Back strain forces Thome to disabled list

Back strain forces Thome to disabled list

Back strain forces Thome to disabled list
ATLANTA -- Almost everybody had seen this coming.

The Phillies on Wednesday morning placed Jim Thome on the 15-day disabled list with a strained lower back and recalled catcher Erik Kratz from Triple-A Lehigh Valley to take Thome's place on the 25-man roster.

Kratz will be available for Wednesday night's game against the Atlanta Braves at Turner Field. He hit .294 with four doubles, three home runs, nine RBIs and an .882 OPS for the IronPigs.

Thome, 41, injured his back Saturday at Citizens Bank Park, and he had been unavailable for the past three games. Thome did not make enough progress in recent days, and the club could no longer afford to be a player short on the bench.

The Phillies hope the DL stint helps Thome in multiple ways. First, he gets healthy. Second, a rehab assignment gets him enough at-bats to get his timing back at the plate. Thome is 2-for-18 with 10 strikeouts this season.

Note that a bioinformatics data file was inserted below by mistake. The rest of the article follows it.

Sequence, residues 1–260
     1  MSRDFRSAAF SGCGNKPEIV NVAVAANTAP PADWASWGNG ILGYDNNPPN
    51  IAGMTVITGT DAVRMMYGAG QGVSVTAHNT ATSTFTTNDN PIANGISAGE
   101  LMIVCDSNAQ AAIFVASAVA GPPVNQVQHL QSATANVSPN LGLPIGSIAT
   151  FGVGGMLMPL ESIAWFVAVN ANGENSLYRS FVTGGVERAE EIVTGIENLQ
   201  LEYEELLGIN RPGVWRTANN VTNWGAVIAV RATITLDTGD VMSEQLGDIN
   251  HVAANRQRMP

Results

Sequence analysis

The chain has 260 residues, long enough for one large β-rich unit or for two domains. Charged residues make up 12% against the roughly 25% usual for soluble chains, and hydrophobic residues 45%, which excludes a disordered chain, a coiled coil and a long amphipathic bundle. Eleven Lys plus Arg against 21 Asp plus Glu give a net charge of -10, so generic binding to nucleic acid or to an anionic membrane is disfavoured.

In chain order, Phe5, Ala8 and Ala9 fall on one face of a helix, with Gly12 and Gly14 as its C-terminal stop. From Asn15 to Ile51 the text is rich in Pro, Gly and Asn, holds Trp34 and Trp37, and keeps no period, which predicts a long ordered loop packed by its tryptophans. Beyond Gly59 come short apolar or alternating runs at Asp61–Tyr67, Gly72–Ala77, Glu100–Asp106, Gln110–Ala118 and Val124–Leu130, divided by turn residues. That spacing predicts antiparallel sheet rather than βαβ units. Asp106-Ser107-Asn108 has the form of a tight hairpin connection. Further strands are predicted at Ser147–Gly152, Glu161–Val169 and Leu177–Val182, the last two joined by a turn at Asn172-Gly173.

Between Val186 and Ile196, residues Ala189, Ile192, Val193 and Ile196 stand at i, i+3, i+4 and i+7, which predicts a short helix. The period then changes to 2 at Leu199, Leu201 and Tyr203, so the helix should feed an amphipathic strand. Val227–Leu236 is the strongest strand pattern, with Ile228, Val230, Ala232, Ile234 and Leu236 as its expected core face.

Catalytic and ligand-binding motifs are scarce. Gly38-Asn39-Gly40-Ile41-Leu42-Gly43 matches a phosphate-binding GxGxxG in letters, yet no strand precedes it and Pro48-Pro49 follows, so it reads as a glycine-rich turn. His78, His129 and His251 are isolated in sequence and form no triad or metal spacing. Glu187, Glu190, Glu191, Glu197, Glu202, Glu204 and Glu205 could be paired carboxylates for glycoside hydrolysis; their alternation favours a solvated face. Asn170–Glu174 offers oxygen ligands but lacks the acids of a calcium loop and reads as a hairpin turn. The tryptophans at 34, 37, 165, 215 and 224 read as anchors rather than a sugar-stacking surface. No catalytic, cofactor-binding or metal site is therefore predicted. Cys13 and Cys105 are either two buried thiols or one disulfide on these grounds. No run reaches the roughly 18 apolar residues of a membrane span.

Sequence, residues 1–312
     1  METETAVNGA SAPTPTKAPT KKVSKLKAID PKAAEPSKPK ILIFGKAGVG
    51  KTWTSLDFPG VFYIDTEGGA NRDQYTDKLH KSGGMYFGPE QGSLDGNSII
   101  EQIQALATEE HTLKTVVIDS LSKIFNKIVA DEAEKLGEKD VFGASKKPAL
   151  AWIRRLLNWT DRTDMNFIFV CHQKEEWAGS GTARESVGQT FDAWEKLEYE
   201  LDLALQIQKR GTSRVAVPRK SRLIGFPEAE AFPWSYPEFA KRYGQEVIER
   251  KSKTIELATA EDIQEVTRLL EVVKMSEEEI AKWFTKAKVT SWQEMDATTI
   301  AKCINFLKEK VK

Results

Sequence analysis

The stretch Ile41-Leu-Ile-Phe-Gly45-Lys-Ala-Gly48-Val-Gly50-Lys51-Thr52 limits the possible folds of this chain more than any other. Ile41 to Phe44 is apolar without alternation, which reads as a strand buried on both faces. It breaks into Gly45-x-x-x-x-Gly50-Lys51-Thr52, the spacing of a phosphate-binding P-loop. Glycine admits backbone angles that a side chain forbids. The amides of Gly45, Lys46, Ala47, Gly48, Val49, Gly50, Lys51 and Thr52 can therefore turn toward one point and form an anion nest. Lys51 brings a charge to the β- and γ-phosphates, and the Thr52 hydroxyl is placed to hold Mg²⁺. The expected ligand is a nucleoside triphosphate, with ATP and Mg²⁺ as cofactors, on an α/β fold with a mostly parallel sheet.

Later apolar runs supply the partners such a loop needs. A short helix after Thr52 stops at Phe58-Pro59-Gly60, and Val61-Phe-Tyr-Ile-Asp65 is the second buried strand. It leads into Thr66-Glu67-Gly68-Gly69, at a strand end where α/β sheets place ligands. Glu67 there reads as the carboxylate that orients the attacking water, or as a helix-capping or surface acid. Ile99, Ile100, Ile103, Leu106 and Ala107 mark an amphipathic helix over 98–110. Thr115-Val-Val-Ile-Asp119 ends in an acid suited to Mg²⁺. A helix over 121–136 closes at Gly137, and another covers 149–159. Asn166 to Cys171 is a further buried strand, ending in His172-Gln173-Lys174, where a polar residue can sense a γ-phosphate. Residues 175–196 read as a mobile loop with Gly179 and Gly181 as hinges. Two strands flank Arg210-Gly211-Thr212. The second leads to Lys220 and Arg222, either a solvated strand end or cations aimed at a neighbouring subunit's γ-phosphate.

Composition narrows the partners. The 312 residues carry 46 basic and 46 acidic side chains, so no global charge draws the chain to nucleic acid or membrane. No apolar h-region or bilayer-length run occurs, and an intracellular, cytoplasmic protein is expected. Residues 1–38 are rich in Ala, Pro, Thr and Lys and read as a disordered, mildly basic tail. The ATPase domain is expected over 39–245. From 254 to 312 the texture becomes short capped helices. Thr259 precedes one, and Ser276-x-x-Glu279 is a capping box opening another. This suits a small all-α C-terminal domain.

Phillies manager Charlie Manuel said Thome needs more at-bats to get sharp. He'd begun to think Thome could play first base more than once per week while Ryan Howard is sidelined, but that seems impossible now. Howard is resuming baseball activities this week in Clearwater, Fla., but the Phillies are reluctant to put a timetable on his return.

"This is about our team," Thome said Tuesday. "It will always be about that. I certainly don't want to put Charlie in an uncomfortable position every night [of] not having a guy ready. I understand that part of the game, too. I think [after] playing a long time, you understand that. But there's also the sense to get back as quick as we can."

Said Manuel on Tuesday: "The longer [Thome] sits there, sometimes I think he needs to go hit. Like when you sit there and you're not playing and not doing anything, and you're not getting at-bats, when you are able to, it usually takes you a while to get going."

Todd Zolecki is a reporter for This story was not subject to the approval of Major League Baseball or its clubs.